I know this is earlier than expected, but I spotted a post from another blogger about ‘reverse engineering’ and thought I’d give it a spin.
The basic steps: –
1.Select a group of writers in your genre that you admire, or you believe are a few rungs up the ladder from you. I went mad and chose NINE! Three ‘greats’; three well-known indie crime thriller writers and three who specialize in Vigilante Justice series.
2.Compare and contrast your covers. Produce a photo collage. Is there anything you can learn? In my case, I noticed Ian Rankin’s Rebus series uses very similar covers across its range, quite basic in design, but easily identifiable as part of a series. As you know, I elected to keep the same Phoenix image throughout the series. Tim Stevens and Jon Mills use almost exactly the same cover image.
The font size for titles and author name on many of the people I chose is far larger than mine. Colour though, isn’t that important to the group. My cover stands out from the rest because of the bold orange I used. Or is that just me being protective?
3.Check out the ‘blurb’ for the book. I deliberately cut off where Amazon states ‘Read More’. If you haven’t captured their interest in the first half-dozen lines, why would buyers delve deeper? If you do read on, some of the ‘big’ names have reams of information, mini-reviews from other ‘big’ names and prestigious publications. Although we can’t all add in that much detail, there are tips and tricks to learn from what they say & how they say it.
4.Look at the huge variety in the author bios! Claude Bouchard tells you about his writing, but there are lots of personal insights too; he gives the impression of being approachable. The sort of guy you might want to know? Jon Mills tells you zip about himself. Decide for yourself what works best and try to match the content and flavour of your bio to which you think is the best. I’ll let you into a secret: – when I re-vamped mine last year, I visited Ian Rankin’s. Apart from all the accolades and achievements he’s got in his, it contains some personal background followed by a list of all the books he’s written in chronological order. I used his as my template; thinking I could add in the accolades if/when they came along!
5.Analyse their social media output. Where are they? What do they tweet about? How do they use their Facebook page? How interesting is their website? Do they have other ‘footprints’ to help them sell books in greater numbers than us? My chosen authors were a mixed bag, but a couple had websites that were awesome (when compared to my own) and yet Tim Stevens, who is prolific and successful doesn’t have a dedicated website. Peter James has a YouTube TV channel (another box I can now tick) and Karin Slaughter posts dozens of trailers, interviews and other items through YouTube on her website.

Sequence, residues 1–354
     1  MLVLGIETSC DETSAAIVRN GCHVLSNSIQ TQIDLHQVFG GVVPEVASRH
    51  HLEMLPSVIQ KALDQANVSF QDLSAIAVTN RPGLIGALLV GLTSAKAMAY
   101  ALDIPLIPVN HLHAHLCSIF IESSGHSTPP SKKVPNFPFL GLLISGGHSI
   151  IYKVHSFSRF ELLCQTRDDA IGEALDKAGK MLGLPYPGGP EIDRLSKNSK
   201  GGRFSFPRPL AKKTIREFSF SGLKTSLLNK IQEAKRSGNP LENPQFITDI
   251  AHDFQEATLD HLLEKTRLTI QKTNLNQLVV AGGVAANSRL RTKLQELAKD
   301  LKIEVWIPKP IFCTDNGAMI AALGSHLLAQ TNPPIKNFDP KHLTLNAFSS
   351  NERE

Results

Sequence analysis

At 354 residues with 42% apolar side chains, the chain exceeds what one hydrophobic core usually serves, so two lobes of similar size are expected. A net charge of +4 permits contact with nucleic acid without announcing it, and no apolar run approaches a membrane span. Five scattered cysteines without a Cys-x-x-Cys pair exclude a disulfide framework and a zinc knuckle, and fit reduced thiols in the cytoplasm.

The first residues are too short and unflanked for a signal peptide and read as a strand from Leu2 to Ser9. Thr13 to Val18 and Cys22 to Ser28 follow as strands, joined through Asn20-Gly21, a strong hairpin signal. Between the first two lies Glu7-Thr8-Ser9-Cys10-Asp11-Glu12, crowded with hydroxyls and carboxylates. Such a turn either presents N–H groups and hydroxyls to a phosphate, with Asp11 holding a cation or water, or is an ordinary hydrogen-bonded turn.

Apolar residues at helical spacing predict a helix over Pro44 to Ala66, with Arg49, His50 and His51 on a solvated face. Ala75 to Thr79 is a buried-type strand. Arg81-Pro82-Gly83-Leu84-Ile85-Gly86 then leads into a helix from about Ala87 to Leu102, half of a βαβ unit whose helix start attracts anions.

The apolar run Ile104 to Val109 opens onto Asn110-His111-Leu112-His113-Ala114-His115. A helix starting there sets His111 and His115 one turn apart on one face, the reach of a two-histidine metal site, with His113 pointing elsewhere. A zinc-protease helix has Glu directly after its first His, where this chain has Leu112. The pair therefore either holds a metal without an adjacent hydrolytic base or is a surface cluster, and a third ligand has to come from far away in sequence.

6.Some writers suggest you should read books by your ‘favourite’ or ‘successful’ authors and then use what they wrote about & how they did it to improve your own writing. I think that’s rubbish! Be your own person. The world doesn’t need another Ian Rankin (sorry Sir). Your stories have to be unique in some way that sets them apart from the crowd. You’ll never achieve that if you follow the template laid down by another writer, no matter how brilliant they might be.
There’s nothing really new in this approach is there? I remember reading articles from other bloggers and book promotion site owners telling me pretty much the same things over the past four years. I agonised over my covers, my blurb and my bio twelve to eighteen months ago and re-vamped everything. I think it had a positive effect; but you can’t afford to sit still. It’s time to re-assess. I’m going to sift through the data I’ve gathered and I’ll tweak those areas of my set-up I think will benefit from ‘learning from the best’. If you want to try it out yourself (I suggest on a more limited number of writers!) it might help; if it does come back & tell me all about it.
This was a bonus post. There are lots of newsworthy items left over for another day. I’ll be back in a fortnight. Happy Autumn!